At the RSA 2020 conference, ESET, a Slovak internet security company, spoke about the new Kr00k vulnerability (CVE-2019-15126). This issue can allow an attacker to decrypt wireless network packets transmitted from an insecure device. The vulnerability affects both WPA2-Personal and WPA2-Enterprise protocols with AES-CCMP encryption. Also Read - Samsung Galaxy S9, Galaxy S9+ get November security patch with fix for a critical vulnerability
Kr00k vulnerability detailed:
According to analysts, any device that uses the Wi-Fi chipsets of Cypress Semiconductor and Broadcom are vulnerable to this issue. Experts tested and confirmed the problem in laptops, smartphones, routers, and IoT devices, which are now affected by this problem. This is total accounts for more than a billion different gadgets that are open to this flaw. Also Read - iMessage vulnerability: Hackers can now hijack your iPhone by just sending a text message
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The essence of the Kr00k vulnerability comes down to encryption, which is used to protect data packages transmitted via Wi-Fi. As a rule, such packets are encrypted with a unique key, which depends on the Wi-Fi password set by the user. But for Broadcom and Cypress chips, this key is reset to zero if you initiate the process of a temporary shutdown, which also occurs due to a bad signal. Thus, Kr00k can open a gap for the leak of confidential user data. Also Read - Nokia 1 gets April security update with fix for critical vulnerability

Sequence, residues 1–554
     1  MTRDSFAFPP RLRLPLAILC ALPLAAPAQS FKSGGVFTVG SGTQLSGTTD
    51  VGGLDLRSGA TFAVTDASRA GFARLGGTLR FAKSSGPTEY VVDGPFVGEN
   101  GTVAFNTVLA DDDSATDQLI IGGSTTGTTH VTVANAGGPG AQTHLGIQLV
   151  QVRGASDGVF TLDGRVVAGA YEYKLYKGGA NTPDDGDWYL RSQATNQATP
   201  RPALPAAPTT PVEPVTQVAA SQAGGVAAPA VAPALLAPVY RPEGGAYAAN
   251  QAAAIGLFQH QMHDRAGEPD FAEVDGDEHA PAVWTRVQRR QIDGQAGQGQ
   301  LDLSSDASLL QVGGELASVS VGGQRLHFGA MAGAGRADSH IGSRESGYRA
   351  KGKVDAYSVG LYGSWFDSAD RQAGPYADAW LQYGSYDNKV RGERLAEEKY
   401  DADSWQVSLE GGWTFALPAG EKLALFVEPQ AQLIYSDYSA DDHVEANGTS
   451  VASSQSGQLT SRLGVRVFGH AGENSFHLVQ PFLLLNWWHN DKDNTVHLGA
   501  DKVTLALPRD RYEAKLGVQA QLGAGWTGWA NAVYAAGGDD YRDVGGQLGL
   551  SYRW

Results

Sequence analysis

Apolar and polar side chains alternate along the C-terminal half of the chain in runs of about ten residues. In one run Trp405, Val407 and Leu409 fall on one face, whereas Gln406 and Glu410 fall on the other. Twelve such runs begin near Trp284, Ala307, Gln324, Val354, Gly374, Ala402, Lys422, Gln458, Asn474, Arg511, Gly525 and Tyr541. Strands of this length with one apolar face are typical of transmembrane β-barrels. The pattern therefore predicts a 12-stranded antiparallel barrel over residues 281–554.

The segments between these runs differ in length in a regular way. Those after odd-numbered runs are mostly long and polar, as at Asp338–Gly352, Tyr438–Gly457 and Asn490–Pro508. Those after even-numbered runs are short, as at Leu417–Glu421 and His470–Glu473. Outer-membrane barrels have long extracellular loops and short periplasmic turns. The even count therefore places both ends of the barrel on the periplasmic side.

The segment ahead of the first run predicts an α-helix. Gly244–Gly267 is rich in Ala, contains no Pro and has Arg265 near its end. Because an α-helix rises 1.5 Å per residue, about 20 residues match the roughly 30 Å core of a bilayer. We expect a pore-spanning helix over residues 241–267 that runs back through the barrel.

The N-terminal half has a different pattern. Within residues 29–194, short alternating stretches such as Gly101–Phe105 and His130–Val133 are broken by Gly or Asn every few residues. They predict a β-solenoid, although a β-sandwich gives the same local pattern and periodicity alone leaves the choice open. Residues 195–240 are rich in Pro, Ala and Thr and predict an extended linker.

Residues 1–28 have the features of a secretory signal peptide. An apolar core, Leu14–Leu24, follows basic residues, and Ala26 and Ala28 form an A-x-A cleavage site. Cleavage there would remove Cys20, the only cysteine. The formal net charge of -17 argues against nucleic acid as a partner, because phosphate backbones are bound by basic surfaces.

According to ESET experts, attackers can provoke a transition of the device into a prolonged state of disconnection and receive Wi-Fi packets intended for it. Then, by exploiting the Kr00k bug, attackers can decrypt Wi-Fi traffic using a “zero” key. ESET also notes that the Kr00k problem is in many ways similar to the sensational KRACK vulnerability, discovered in 2017.
The Kr00k issue only affects Wi-Fi connections using WPA2-Personal and WPA2-Enterprise WiFi with AES-CCMP encryption. Hence, the inclusion of the WPA3 protocol on the vulnerable device should protect against the attacks described by specialists. In addition, the vulnerability is unlikely to be useful in botnet operators for automated attacks. As it requires the attacker to be close to the victim (within the range of the Wi-Fi network).